She would have done so today, but the song called her. Just the littlest thread of a tune, a little high piping her grandmother had once said would be the music of the gods, if only it weren’t for free. She hurried over, pushing through the clouds of mesh with the flats of her hands. There on the biggest stall, taking up almost all the room, was a cage of tarnished metal and inside, perched all in a line on a single loop of dead branch and singing their hearts out as they had always done, were six pietera. The dawn light caught their dark plumage into purple and gold like the very definition of beauty. At home they had nested in the trees all around the village; the girls had collected their discarded feathers to wear in their hair. Such small, round birds they were, with their purple feathers and bright eyes and no good eating on them at all. No one would ever harm a pietera.
Looking at them now she had a sudden impulse to buy one for Ladyani. He was from her village, the only other in the inner circle who was even from the east coast. They could listen to it sing together, remember all the things from their shared childhood they could not speak of to anyone else, and when they had heard enough, they could open the cage up and let it go. He would like that, she thought, it would be a poetic gesture and a fit one for a revolutionary. More importantly, it would be theirs alone. She was still at that stage then when it seemed worth trying to find things to have with Ladyani.
She prodded one finger at the bars of the cage and one of the birds bounced along the branch towards it, cheeping hopefully. They were so friendly, so lacking in predators that they were always sure of their welcome. She saw Ladyani thinking of their village, his thrust-out lip and hard, red-rimmed eyes as clear as if he was standing before her. The bird fluttered up to her finger and cheeped again.
‘Would Madam take a bird this morning? A nice little bird, very cheap, for pet or food? Come all the way beyond Camino, these do, I do you very good price?’
The stallholder was almost as mangy as his jeebas, another one in this poverty-stricken province hanging on beyond the point when there was nothing left to hold to. Every time she came to the market she was reminded of how much the people needed them, even if they didn’t know it. She wriggled her finger out of the cage, gently dislodging the bird.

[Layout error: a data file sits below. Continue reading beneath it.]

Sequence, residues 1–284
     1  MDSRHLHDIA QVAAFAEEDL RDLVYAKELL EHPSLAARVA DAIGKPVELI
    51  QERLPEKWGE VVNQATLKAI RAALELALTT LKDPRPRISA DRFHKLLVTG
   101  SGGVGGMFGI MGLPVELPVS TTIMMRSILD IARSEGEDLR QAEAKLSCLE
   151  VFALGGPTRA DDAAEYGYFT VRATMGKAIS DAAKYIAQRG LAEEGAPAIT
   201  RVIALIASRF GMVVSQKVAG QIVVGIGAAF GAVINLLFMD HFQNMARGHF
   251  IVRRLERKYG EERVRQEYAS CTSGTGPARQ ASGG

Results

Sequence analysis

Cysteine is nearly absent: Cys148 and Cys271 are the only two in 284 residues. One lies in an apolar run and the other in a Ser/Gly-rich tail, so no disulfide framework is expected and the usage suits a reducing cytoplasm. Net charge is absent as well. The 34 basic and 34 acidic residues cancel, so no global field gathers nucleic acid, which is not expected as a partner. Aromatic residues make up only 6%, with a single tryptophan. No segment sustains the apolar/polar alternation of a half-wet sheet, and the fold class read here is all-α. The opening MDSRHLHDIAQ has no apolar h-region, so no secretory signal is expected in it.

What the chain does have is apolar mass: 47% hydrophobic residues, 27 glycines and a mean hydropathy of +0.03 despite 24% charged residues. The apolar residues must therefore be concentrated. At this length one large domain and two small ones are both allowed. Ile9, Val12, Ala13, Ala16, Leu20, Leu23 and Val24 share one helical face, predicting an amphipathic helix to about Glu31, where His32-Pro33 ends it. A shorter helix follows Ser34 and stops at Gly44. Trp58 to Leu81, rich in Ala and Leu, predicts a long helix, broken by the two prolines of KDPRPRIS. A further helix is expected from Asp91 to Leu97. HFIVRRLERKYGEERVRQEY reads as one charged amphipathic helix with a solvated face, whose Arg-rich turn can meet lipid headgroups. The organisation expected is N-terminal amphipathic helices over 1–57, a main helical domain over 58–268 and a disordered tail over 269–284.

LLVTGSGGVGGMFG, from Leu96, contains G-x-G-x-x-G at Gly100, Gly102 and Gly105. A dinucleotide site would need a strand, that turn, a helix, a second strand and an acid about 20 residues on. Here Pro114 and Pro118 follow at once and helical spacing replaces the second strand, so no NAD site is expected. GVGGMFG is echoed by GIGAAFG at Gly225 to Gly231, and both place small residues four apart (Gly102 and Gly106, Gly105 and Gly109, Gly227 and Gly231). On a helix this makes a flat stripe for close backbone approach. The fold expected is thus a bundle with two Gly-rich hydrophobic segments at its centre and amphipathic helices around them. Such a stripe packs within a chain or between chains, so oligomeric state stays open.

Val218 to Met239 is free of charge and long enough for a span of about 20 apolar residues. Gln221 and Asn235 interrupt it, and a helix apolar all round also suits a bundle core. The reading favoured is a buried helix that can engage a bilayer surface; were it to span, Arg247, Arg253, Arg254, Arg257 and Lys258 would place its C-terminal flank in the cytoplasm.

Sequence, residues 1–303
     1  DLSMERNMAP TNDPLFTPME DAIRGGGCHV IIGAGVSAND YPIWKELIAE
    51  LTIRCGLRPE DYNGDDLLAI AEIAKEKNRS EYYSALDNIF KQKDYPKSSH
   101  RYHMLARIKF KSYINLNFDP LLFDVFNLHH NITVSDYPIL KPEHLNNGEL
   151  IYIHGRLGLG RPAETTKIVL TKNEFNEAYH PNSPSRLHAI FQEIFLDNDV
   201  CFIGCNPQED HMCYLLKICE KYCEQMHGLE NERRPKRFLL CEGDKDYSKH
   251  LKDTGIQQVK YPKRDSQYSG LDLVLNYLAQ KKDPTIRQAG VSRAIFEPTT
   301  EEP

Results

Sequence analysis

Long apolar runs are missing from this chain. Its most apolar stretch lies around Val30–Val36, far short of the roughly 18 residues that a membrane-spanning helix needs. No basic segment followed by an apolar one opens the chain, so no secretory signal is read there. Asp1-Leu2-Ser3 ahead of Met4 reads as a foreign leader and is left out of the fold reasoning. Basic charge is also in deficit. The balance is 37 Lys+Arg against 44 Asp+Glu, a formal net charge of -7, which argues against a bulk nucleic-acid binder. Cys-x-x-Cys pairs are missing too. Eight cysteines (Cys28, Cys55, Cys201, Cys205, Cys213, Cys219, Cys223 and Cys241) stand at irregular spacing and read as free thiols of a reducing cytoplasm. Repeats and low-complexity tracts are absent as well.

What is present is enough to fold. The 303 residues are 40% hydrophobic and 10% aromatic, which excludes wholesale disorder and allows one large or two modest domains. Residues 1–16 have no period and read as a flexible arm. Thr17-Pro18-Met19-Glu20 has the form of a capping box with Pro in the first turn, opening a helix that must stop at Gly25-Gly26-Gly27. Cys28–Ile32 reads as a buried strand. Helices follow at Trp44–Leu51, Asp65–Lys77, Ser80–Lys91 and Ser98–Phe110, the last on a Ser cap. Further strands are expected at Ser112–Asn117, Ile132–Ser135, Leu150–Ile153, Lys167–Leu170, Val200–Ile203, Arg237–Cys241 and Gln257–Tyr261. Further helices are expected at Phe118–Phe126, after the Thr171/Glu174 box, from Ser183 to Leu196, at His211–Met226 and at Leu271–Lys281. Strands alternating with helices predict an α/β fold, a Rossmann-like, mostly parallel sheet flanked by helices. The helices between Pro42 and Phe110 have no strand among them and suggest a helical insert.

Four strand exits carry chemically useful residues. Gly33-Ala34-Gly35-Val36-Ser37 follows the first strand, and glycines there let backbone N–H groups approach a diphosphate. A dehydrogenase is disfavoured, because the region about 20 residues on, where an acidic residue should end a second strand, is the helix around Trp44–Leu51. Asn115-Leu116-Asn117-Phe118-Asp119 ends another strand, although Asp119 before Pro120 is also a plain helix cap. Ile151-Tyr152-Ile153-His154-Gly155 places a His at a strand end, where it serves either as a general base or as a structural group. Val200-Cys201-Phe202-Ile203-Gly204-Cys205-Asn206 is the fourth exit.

‘No’ she said. ‘Not today.’
At the same time, just beyond hearing, the police carriers were edging along the narrow streets of the lower town, their engines straining at the slow speed. Ahead of them the crowd of dark, carapaced figures pulsed and shifted, full of scurrying motion. In the first carrier, the young police chief sniffed at the faint bitter smell, the suggestion of fuel cell catastrophe building somewhere beneath him. It was as much as he could do not to accelerate and sweep them all out of the way; in moments like this, even the inevitable criticism seemed almost worth it. Almost, but not quite. He had always been good at controlling himself, it was what had got him where he was today. Self-control and hard work, against those who knew the meaning of neither.
Once they were out of the warren around the market, the road was clearer, climbing between dust hued walls up the hill to the old town. Fewer people lived up here; the rambling buildings on the summit were mostly a motley collection of religious missions, student hostels and sinking, threadbare charities. All sorts of organisations had a forsaken outpost in this forsaken outpost of a town. The police chief squinted into the rising sun. The tower of the building called the Adicalan Charitable Mission rose ahead against the skyline and he felt himself beginning to smile. There was only one woman with them now, a short, black figure climbing up the street ahead. For a moment he stiffened, but it was all right; everything this morning, he knew suddenly, was going to be all right.
He stood up in his seat, noting with surprise how his legs seemed to tremble beneath him, and gave the signal. The carriers behind him stopped, the men in them leaping over the sides and turning left or right to run round each side of the fortified building. From his own, his crew got out the heavy equipment. It had been years coming, this moment, years when he had planned and schemed and ignored everyone who had said it couldn’t be done, years when he had been laughed at and worse and only endured it because he had known one day it would be different. There was nothing worse than to be powerless, despised. He had learnt that, and today was the day he was done with it. There were all sorts of organisations up here, any number of which might be other than they seemed. Yet for them the law was nothing, ruling by violence they were themselves inviolable. There were many like that, many fronts for the teeming multitudes of his enemies, but after today, one less. He tasted the phrase unspoken on his tongue. One less.
If he had known what he was going to start that day and how far it was going to take him, he might have felt differently; he might even have been afraid. But he had known nothing and was filled instead with a vast, clear joy. Petrus Desailly, chief of the Chaireddan police, stood in his carrier and waited, gratefully, for his battle.